Guest blogger Samantha Freestone is a mother-of-two who offers many of the things she has learnt as she and her husband of 13 years have travelled the ups and downs of marriage. And her big takeaway? Love your partner.

Samantha runs Some Answers, an Australian Christian podcast where she encourages Christians to talk about their everyday life, their struggles, and their faith.

Note from Treasuring Mothers

In commissioning this blog post there was some discussion – after all there are many readers who are single mothers. And single mothers are our heroines! How do they do what they do? With lots of hard work and tears.

But that doesn’t mean we shouldn’t address the important topic of developing a strong marriage, because equally, there are many readers who are partnered.

Whatever. The truth is: being a mother is not possible without the care and support of those who love us. And that means family, friends and partners. And we all know there is lots of skill, forgiveness and intention involved in creating a great intimate relationship.

So, let’s do this! Love your partner!

Listen to Samantha’s podcasts with Treasuring Mothers:

Love your Partner >>> (coming soon!)
Finding God in the Ordinary >>>
How to Deal with Anxiety >>>


Love your Partner

It was 2011 and we had just left our baby with sitters for the night.  My husband and I were going to celebrate our wedding anniversary with an overstay night in the city. I remember waiting for the train as I looked over at my husband and thought, “Will we be able to have anything to talk about for the next 24hrs?

For the last 14-months of our marriage, we had focussed ourselves on our little human, so I was curious to see how we would go.  Turns out I had nothing to worry about, as my husband and I slipped into the regular conversation with ease.  In fact I don’t think we even talked about our son the whole time.

Let’s Start at the Very Beginning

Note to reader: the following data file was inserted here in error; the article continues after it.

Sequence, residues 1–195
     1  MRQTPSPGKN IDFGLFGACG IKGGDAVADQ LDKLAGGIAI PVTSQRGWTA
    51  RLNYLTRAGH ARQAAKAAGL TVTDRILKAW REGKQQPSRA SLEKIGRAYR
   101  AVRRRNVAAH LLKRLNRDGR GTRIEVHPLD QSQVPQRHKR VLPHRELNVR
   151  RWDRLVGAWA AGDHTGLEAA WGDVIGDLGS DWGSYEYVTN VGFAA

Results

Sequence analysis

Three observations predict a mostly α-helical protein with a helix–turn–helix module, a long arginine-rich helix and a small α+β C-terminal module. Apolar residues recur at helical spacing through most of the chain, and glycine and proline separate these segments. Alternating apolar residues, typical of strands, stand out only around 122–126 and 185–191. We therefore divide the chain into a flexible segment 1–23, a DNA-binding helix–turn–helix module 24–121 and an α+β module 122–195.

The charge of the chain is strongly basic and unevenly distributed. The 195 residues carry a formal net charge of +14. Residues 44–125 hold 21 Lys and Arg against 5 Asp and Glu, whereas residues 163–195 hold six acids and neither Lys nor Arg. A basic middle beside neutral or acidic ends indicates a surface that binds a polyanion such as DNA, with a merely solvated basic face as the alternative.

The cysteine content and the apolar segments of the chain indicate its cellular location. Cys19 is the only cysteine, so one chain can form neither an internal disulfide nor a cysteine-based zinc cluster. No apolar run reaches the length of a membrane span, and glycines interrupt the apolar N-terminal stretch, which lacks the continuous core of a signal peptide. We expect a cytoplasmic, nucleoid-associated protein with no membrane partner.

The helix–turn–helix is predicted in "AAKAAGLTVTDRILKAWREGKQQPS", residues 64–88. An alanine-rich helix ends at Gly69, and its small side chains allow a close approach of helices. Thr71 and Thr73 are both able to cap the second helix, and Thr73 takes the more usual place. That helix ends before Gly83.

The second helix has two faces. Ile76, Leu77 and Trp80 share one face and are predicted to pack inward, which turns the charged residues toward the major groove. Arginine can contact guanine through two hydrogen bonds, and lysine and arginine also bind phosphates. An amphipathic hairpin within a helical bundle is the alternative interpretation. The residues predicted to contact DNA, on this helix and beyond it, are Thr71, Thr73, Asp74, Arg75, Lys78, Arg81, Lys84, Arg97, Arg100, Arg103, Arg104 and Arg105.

When I was approached by Treasuring Mothers to do an interview and a few blog posts, I really wanted to talk about loving your partner. 

I know marriage is tricky and when you throw some kids into the mix, it can get even harder. We’ve experienced and witnessed the strain that kids can put on a relationship.  I remember how hard it was for my husband to adjust to coming second, when my kids were born, simply because they needed me more.  To me, it felt like I was being pulled from all directions and it was stressful trying to be all things to all people.

Now, before my husband and I were a couple, we were friends.  We would watch movies together; have coffee hangs and even dinner together, just as friends.  So, it’s important to remember that before your kids, you and your partner were friends.  You had a connection and that’s why you fell in love. The hard part is making sure you maintain the relationship whilst you have kids.  I don’t ever want to turn to him and re-introduce myself when my kids leave the nest.  I want to relish in a relationship that I have with him now. 

Four Things We Do

I want to preface by saying that my husband and I do not have the perfect marriage; however we have found tools that have helped us. Here are four things that we have felt have been very beneficial to us:

1. Have a “check –in time” with each other: